Monkeypox represents a rare viral disease occurring predominantly in central and western Africa. The disease got its name because it was initially found in 1958 in laboratory primates. Blood screening of animals in Africa later established that other types of animals also had monkeypox, and in 1970 the first case was reported in humans.
Colorized transmission electron micrograph of monkeypox virus particles (green) cultivated and purified from cell culture. Image captured at the NIAID Integrated Research Facility (IRF) in Fort Detrick, Maryland. Credit: NIAID
The causative agent (monkeypox virus) is a double-stranded DNA virus from the family Poxviridae and the genus Orthopoxvirus that is genetically dissimilar from other members of the genus – including variola virus, vaccinia virus, camelpox virus, cowpox virus, and ectromelia virus.
Two outbreaks of a nonfatal pox-like disease were initially observed in two shipments of cynomolgus monkeys arriving in Copenhagen in 1958. An orthopoxvirus was subsequently isolated on the chorioallantoic membrane, producing grayish pocks with a hemorrhagic center after three days of incubation at 35 ºC (easily distinguishable from the larger hemorrhagic pocks of cowpox virus and opaque white pocks of variola virus).
After the virus has been given recognition as a standalone species of the genus Orthopoxvirus, it was named monkey poxvirus; in addition, the Copenhagen strain is still regarded as a reference strain. After this discovery, in the next ten years, a total of nine monkeypox outbreaks were seen in captive monkey colonies throughout Europe and the US.
In most of these outbreaks, no clinical signs were typically detected until the rash appeared and developed into papules on the face, trunk, palms, and soles. The papules first become vesicular, then pustular, before scabs form 10 days after the onset of rash. The severity of clinical presentation varied among different species, with orangutans being particularly susceptible.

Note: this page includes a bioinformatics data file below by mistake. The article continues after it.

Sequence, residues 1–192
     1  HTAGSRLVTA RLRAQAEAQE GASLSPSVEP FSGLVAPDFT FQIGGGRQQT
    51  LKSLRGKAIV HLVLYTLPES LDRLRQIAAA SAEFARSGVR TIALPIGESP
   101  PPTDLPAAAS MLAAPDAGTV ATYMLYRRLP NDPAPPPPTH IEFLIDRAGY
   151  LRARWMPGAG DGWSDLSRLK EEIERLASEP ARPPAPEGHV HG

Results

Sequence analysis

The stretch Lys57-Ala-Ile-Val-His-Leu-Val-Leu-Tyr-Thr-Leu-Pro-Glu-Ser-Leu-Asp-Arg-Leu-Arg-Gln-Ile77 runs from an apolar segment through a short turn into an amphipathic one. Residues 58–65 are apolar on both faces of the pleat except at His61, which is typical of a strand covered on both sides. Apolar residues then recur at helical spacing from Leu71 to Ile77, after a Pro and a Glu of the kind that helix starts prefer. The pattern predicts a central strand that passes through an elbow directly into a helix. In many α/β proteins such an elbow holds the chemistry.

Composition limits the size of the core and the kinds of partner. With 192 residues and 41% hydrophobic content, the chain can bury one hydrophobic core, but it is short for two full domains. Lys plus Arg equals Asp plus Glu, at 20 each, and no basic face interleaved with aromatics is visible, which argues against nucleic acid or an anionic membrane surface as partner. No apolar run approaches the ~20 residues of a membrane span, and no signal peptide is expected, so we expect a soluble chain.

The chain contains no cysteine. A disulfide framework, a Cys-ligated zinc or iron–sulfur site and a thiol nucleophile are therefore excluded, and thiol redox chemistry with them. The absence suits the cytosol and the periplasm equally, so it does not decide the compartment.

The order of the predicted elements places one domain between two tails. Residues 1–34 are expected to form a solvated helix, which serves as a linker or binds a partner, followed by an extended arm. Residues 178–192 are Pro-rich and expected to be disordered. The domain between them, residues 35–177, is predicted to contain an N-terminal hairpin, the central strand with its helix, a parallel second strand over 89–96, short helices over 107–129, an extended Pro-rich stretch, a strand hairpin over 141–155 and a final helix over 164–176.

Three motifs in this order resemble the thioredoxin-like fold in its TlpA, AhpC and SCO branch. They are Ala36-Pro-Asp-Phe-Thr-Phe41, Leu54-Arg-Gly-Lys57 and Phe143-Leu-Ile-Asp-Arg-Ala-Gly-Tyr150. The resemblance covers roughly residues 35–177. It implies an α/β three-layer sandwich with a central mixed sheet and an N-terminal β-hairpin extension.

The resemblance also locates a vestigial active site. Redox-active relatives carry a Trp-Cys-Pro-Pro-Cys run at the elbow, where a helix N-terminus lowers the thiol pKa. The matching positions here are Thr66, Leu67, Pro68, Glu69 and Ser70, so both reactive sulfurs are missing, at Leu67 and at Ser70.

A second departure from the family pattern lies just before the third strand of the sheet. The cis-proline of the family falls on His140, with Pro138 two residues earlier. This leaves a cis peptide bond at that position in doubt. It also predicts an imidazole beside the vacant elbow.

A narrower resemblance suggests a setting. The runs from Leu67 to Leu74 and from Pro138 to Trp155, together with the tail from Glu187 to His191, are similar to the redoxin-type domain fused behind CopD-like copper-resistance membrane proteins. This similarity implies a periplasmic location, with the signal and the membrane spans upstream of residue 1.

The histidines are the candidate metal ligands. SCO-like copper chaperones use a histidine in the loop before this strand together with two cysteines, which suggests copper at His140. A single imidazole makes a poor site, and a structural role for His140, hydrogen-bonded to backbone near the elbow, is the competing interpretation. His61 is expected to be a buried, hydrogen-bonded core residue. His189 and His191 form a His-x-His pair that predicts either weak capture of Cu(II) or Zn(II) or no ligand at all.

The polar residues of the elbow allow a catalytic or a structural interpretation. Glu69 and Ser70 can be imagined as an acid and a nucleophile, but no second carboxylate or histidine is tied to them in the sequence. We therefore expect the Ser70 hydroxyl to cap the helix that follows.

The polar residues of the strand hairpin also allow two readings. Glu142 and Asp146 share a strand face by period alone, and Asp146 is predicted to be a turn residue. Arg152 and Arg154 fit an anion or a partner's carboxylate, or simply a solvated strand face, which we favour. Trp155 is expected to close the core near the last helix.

Human monkeypox was not regarded as a distinct entity in humans until 1970 when the virus was isolated from a child with suspected smallpox infection in The Democratic Republic of the Congo, formerly known as Zaire. The virus is most likely transmitted to humans via close contact with infected animals (usually rodents, squirrels, and primates) and the majority of the clinical characteristics mirror those of smallpox.
Clinical distinction between rash illnesses (and especially between monkeypox and smallpox) is difficult in the absence of a specific diagnostic test. Viral isolation from a clinical specimen, electron microscopy, and immunohistochemistry are valid diagnostic techniques but require advanced technical training. Thus real-time polymerase chain reaction (PCR) is often employed to assess the presence of monkeypox virus in a lesion sample.
Although smallpox has been eradicated from the human population since 1980, there is the potential for monkeypox to fill this void. In 2003, the monkeypox virus was a cause of a cluster of cases of the disease in the US Midwest, which was the first occurrence in the Western hemisphere. 37 human cases were laboratory-confirmed during this outbreak.
In conclusion, monkeypox infection represents an important emerging disease that (based on serologic studies in Africa) could surpass original epidemiologic calculations. The introduction of a virulent monkeypox strain in a setting where individuals lack immunity to orthopoxviruses could give the virus an opportunity to exploit such a naïve population and subsequently result in an outbreak.